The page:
A Yen to Lead

Other regional data and policy innovation has mostly been positive for the Asian region this week. The Fed’s surprise extension of its commitment not to raise US rates for another 18-month’s, until late 2014, “should be the key to medium-term development”. Yen is expected to be the natural beneficiary of the latest dovish rhetoric by Bernanke and company and monetary easing by other G10 members. The lack of attractive yield opportunities complicates Japans current account recycling efforts. The stronger than expected Euro area flash PMI’s this month should be Asia’s strongest macro support (it suggests that the regions exports have ‘bottomed out’). Analysts historically use this indicator as a bellwether for Asian currency appreciation.

Below are some other highlights of the week:


  • CNY: Chinese New Year of the Dragon begins.
  • AUD: Because of the Chinese Holidays, markets down-under were vulnerable to illiquid pockets this week.
  • AUD: The IMF has warned that Aussie banks might need “tougher capital requirements.”
  • JPY: It was no surprise that the BoJ cut growth forecasts at this weeks monetary meeting, while maintaining the policy rate (+0.05%) and leaving the QE program unchanged. Policy makers have revised down the country’s growth outlook for 2011 (from +0.3%, y/y, to -0.4%) and 2012 (from +2.2%, y/y to +2.0%) attributing the slowdown to the overseas economies and the retroactive revision of GDP stats.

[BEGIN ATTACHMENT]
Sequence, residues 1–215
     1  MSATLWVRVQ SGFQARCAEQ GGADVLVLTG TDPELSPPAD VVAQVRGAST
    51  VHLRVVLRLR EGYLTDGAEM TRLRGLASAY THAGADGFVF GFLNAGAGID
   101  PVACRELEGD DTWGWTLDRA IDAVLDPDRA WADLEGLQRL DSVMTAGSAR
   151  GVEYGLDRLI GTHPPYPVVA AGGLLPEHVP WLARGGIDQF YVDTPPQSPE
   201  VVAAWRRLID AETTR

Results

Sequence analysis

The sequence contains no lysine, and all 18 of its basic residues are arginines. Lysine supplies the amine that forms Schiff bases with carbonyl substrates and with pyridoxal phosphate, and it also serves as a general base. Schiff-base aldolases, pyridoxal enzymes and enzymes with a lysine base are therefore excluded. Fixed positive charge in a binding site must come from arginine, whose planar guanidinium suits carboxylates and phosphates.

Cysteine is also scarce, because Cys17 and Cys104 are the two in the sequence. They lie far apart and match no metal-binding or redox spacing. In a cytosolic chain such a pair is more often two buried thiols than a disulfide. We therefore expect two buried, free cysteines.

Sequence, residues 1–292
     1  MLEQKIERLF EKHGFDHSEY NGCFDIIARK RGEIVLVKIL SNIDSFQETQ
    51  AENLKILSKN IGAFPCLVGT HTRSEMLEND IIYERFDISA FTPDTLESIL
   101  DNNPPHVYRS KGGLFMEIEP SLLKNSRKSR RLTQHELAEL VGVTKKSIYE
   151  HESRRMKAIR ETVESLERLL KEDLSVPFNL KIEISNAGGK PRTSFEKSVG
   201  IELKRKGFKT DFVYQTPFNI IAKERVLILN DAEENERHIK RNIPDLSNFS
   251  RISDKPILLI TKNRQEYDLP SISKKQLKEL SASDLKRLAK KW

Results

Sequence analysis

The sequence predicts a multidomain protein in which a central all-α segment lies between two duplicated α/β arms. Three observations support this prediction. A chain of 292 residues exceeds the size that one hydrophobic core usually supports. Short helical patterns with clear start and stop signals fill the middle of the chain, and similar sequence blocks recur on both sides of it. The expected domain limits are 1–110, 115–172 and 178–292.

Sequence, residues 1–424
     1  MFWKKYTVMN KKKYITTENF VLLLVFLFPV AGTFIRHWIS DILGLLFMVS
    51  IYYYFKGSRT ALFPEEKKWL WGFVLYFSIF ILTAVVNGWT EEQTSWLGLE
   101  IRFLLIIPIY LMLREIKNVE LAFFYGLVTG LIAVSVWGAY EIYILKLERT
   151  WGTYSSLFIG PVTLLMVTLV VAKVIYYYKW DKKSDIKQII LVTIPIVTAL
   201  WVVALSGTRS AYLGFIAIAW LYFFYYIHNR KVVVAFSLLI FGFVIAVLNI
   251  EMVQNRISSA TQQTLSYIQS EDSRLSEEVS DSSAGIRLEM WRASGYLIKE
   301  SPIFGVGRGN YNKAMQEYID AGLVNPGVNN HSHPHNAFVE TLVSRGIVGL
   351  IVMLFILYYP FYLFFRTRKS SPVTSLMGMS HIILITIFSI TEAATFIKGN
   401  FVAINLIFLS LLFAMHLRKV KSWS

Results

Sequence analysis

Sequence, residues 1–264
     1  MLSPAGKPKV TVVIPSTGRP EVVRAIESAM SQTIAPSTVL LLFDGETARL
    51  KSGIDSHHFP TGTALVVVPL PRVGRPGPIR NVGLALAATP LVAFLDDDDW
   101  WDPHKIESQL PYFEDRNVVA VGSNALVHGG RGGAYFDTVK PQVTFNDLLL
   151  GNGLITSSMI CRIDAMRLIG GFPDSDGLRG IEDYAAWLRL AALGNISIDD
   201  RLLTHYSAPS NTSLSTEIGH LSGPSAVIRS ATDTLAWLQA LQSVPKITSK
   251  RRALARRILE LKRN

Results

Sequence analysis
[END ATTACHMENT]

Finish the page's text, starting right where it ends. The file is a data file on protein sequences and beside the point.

• JPY: Their inflation metrics remain unchanged, believing that the global financial markets, US balance sheet adjustments and price stability in the emerging economy, all represent risks to Japanese growth. What about the yen? It’s a currency that is likely to continue to “benefit from policy convergence and risk aversion.”
  • INR: The RBI held the repo rate unchanged at +8.5% (as expected), however, they unexpectedly lowered the cash reserve ratio to +5.5% from +6.0% (It’s first ease in nearly three-years). Analysts expect this to add approximately +INR320b into the economy.
  • INR: The RBI also revised this years growth forecast lower to +7% from +7.6%.
  • AUD: Australia headline CPI was flat in Q4 (forecasted for a +0.2%, q/q rise) due to a sharp fall in fruit prices. The RBA’s trimmed mean measure of CPI inflation was +0.6%, q/q, and the weighted median was +0.5%. Both are running at +2.6%, y/y, after some upward revisions to Q3 numbers. However, with core prices in the middle of RBA’s +2-3% target band suggests further easing is not required just yet. The market expects the RBA to cut rates +25bps because of Euro woes.
  • JPY: Japan’s December’s trade deficit rose to -JPY567b, pushing the 2011 trade balance into a deficit of JPY2.5trn (the first annual trade deficit in 20-years). Analysts expect this trend to continue for 2012. Euro uncertainties and global central banks monetary easing will continue to make it hard for any current account surplus to be recycled offshore. With repatriation of overseas assets remaining strong, the currency should remain under pressure longer term.